Following the rules isn’t good enough.
Do you manage by proxy or are you being managed by proxy? It works like this. A manager or management team defines lots of rules — you must do this — you cannot do that. Been there? Some of the rules are sensible like those related to timely response and quality control. Others, not so much, like those that call for filling out forms or submitting requests for every issue no matter how small or insignificant.
The manage-by-proxy manager simply monitors compliance. His first response to any question is “Did you follow proper procedure?”. If your answer is no, you’re told to go back and follow the procedure. If your answer is yes, you’re told what the next step is according to the procedure.
I’m calling this “management by proxy”. The proxy is the procedure. That’s a management job you gotta love. Just pull out the rule book, find the appropriate entry and read it. The rule book manages the team not the manager.
To my shock and awe, some employees actually like this approach. They know exactly what they need to do (and not do). They believe that as long as they follow the rules they have nothing to fear — even if something goes wrong. Disaster may strike but as long as you followed the rules, you’re protected.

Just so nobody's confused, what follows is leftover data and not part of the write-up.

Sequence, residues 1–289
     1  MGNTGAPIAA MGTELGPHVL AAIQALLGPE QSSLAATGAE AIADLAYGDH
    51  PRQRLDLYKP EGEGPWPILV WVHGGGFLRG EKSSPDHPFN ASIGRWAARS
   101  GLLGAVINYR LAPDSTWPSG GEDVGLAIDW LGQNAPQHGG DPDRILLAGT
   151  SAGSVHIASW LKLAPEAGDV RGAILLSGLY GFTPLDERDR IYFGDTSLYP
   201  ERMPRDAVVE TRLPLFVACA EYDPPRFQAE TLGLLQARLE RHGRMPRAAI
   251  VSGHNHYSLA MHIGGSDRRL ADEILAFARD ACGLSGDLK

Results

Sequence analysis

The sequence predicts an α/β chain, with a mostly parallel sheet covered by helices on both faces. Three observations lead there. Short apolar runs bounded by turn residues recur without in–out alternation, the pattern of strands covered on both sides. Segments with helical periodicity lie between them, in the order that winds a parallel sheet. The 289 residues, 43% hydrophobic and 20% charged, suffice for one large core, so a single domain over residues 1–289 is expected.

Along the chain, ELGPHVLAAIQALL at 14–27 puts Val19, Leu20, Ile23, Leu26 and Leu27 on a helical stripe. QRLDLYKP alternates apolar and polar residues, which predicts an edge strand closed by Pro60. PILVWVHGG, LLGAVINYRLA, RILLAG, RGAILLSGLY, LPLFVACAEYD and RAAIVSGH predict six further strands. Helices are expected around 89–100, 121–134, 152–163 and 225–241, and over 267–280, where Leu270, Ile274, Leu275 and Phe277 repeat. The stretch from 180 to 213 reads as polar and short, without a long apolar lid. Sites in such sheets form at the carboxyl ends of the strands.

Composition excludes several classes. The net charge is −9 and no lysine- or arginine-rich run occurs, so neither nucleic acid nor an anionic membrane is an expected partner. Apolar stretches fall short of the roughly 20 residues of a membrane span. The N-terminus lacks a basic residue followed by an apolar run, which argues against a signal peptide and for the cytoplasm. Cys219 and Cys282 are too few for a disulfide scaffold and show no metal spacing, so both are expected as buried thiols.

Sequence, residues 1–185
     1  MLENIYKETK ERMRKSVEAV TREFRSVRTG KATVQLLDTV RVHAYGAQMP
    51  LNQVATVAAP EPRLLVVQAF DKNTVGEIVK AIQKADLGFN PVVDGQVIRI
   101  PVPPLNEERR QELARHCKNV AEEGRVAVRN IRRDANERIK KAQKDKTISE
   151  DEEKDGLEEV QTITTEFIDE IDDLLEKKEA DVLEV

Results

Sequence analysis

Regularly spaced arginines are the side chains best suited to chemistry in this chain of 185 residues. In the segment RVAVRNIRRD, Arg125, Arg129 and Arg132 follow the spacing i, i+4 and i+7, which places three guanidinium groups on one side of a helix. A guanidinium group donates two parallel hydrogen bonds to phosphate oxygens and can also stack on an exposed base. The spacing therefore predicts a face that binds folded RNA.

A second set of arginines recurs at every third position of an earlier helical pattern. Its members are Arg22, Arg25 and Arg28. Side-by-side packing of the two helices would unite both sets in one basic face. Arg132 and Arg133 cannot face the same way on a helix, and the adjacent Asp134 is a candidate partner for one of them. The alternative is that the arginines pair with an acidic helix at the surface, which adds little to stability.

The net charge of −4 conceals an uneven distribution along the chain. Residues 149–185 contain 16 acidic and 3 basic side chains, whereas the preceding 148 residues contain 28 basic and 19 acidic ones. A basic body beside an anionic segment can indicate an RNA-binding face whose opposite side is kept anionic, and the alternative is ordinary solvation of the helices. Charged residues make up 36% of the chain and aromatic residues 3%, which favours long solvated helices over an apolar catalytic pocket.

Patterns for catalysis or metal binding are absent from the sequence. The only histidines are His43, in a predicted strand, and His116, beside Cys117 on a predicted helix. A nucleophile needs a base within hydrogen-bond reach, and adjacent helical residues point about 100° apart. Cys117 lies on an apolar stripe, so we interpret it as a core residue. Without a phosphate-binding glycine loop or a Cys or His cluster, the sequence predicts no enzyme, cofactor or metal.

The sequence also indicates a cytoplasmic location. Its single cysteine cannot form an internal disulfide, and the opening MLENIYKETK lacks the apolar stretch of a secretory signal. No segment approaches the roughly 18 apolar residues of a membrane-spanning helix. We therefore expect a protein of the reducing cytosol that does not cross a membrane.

Those who create need more.
The approach works in many situations where people are performing jobs that demand accurate repetition — the same work must be performed in the same manner repeatedly. The end results are well known. The number of things that can go wrong is constrained. Makes sense, right?
Enterprise software development is different. The end result is often envisioned but not known. The number of failure types is difficult to quantify. Management by proxy is often attempted but rarely works. You’d need a rule book the size of a multi-volume encyclopedia.
Agile self-organizing teams and rule books are hard to mix. We all need to “know the rules”, of course. Yet, one of the best kept secrets to successful agile development is letting the team figure out the rules as they go. And, empowering them to change the rules as needed.
Skip the Encyclopedia
If you’re a manager with a background in management by proxy, learn to let go. That will only happen if you have respect for your team. Be open-minded and transparent. Be willing to accept small failures as learning opportunities.
If you’re a developer accustomed to management by proxy, learn to rely on your teammates. The best agile teams show mutual respect and help each other. They swarm to the aid of any team member in trouble.
Rule books don’t create great software. People do.